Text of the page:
Doctorate Degrees in Computer Forensics / Cybercrime
Because criminals are getting more sophisticated, there is an ever-increasing need for new approaches to solving crime. If you have an undergraduate or graduate degree in the field of criminal justice, forensics, or a similar degree, you might be considering studying and developing cutting edge approaches to solving modern cybercrime. So if you'd like to break new ground in the field of computer forensics / cybercrime, a doctorate degree in computer forensics / cybercrime provides the most advanced education to launch your career. A doctorate degree in computer forensics / cybercrime teaches you to gather data that has been electronically stored or encrypted on digital media and using that data as evidence in a court case or as information to help law enforcement further an investigation. A doctorate degree in computer forensics / cybercrime is a two to three-year terminal degree that qualifies you for an advanced position in computer forensics / cybercrime or can be used as a steppingstone to a collegiate teaching position.
Doctorate Degree in Computer Forensics / Cybercrime Success Factors
Earning a doctorate degree in computer forensics / cybercrime requires that you display strong communication skills, are very detailed and skilled in interpreting scientific results, possess a high mechanical aptitude and analytical thinking ability, have strong organizational ability, and are able to work well with others.
Doctorate Degree in Computer Forensics / Cybercrime Curriculum
The courses you take when earning a doctorate degree in computer forensics / cybercrime include business, criminal law, computer systems and schools, cybercrime, legal basics, technical writing, algebra, statistics, economics, public speaking, and intrusion detection systems. In addition to advanced coursework in the field of computer forensics / cybercrime, you may be required to complete a doctoral dissertation and/or a comprehensive examination, also known as comps. A doctoral dissertation in computer forensics / cybercrime is an extensive research paper on a significant topic in the field of computer forensics / cybercrime, while comps involve extensive testing of all the subjects pertinent to the field of computer forensics / cybercrime.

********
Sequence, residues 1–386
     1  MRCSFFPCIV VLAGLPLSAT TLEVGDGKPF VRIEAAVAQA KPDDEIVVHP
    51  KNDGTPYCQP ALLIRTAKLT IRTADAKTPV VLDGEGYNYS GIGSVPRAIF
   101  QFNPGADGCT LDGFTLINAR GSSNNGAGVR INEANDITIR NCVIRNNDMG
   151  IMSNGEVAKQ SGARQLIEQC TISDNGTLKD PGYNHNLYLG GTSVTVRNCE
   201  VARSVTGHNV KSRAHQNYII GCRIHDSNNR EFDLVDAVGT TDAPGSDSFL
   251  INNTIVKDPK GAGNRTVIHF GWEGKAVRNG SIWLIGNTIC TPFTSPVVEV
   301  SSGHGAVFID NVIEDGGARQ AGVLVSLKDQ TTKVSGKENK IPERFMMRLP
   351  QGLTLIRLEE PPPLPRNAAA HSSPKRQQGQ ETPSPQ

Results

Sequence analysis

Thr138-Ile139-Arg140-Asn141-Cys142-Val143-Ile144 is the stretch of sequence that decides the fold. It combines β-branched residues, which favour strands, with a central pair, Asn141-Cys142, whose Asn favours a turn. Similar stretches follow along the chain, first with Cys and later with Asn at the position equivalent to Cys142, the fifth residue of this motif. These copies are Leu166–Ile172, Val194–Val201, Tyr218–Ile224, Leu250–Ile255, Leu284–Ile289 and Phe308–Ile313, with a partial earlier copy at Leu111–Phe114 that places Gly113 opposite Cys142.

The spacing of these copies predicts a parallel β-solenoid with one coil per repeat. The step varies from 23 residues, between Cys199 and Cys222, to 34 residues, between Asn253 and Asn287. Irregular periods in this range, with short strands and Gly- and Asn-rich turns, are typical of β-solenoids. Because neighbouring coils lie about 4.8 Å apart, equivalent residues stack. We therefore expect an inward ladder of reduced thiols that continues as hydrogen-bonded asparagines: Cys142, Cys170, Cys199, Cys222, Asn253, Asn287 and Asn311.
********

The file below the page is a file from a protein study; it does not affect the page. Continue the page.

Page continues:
Computer Forensics / Cybercrime Jobs
A doctorate degree in computer forensics / cybercrime is the most advanced educational credential in the field and will qualify you for most careers in the field of computer forensics / cybercrime. Computer forensics careers include digital media analysts, computer forensics investigators, and digital forensics detectives. Computer forensics experts are hired by law enforcement agencies, prosecutor's offices, and large corporations to handle increasing investigative needs. The FBI currently projects that nearly fifty percent of its cases will require a computer forensics professional, which means the field is expected to expand for years to come. Law enforcement agencies use computer forensics to gather evidence and obtain information about a suspect or known criminal. Large corporations employ a computer forensics professional to monitor employees' computer activities or prevent rogue employees or contractors from leaking critical information.